Hashim said he will be working to make sure future negotiations with the House on bills will be “smooth, deliberate, and meaningful. Both chambers have hard decisions and conversations ahead of us, but the general assembly is fully capable of cooperation and compromise in order to ensure we manifest our top priority - to make Vermont a safe, affordable, and friendly place to live.”
One of Hashim's other top priorities will be working with the Education Committee to solve the problem of how LGBTQ+ students can be protected if or when private schools, many of which are religious, are allowed to receive public money [“Supreme Court changes put state school choice in flux,” News, March 22].
“We will soon be discussing how to manage public taxpayer dollars that go to private institutions, and we will also discuss the challenges related to private institutions that utilize discriminatory practices in their enrollment process or how they treat staff,” Hashim said.
Another priority for Hashim is ensuring that universal school meals continue for students and that the state continues testing and remediation for PCBs, toxic industrial chemicals that were banned in 1979 but still linger in the environment with devastating consequences.
Roberts is concerned with how much things cost. “The top concern I'm hearing from Vermonters is the cost of living,” he said. “We feel especially vulnerable around cost increases associated with basics like food, gas and automotive costs, and home heating fuel. This is an ideal time for the Legislature to take strong action toward more environmentally sustainable energy sources, and a more reliable electrical grid.”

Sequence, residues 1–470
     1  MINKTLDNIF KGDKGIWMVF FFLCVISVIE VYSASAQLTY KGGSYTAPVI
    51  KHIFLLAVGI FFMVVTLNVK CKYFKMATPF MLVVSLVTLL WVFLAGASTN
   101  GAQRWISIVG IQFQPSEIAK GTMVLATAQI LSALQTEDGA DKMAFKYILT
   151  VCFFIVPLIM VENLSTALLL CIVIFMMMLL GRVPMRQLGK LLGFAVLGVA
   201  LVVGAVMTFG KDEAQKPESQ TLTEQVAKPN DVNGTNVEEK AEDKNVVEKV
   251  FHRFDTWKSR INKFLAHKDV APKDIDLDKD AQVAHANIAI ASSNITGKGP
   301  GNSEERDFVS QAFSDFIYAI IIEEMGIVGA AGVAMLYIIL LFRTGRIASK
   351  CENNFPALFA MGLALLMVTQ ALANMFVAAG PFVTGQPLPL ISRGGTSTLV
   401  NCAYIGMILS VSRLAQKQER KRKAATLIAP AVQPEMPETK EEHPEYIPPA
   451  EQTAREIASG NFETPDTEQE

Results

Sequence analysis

Roberts would also like to convince the Legislature to spend more time on protecting LGBTQ+ youth.
“Seeing 28 LGBTQ+ youth speak on the Statehouse steps during a rally [on March 31], I was struck by how it continues to be hard in Vermont to simply be oneself,” he said.
Goldman will continue to work with the Health Care Committee to develop legislation to protect independent pharmacies and consumers from pharmacy benefit managers, as well as work on the Shield Bill, which protects abortion providers, which came to her committee from the Senate.
“I will also follow through the Senate the provisions we added to the budget to support the Emergency Management System in Vermont,” Goldman said. “There is funding for a study to do a deep dive into the system, funding for training, as well as budget recommendations to increase reimbursements to EMS providers.”
Goldman said she was very pleased with the work that the Legislature has done so far this year.
“The House has passed 66 bills so far that include the approximately $8 billion budget bill,” Goldman said. “We have tackled issues like paid leave, homelessness, and housing. We have passed a budget that funds workforce development in health care and trades, two crucial sectors that are facing a crisis.”
As the bills wend their way through committee, language will change and debates will continue.
“These last weeks of the legislature are extremely busy, with long days and often nights on the floor of the House,” Burke said. “We are trying to enact policies that help Vermonters in a variety of ways.”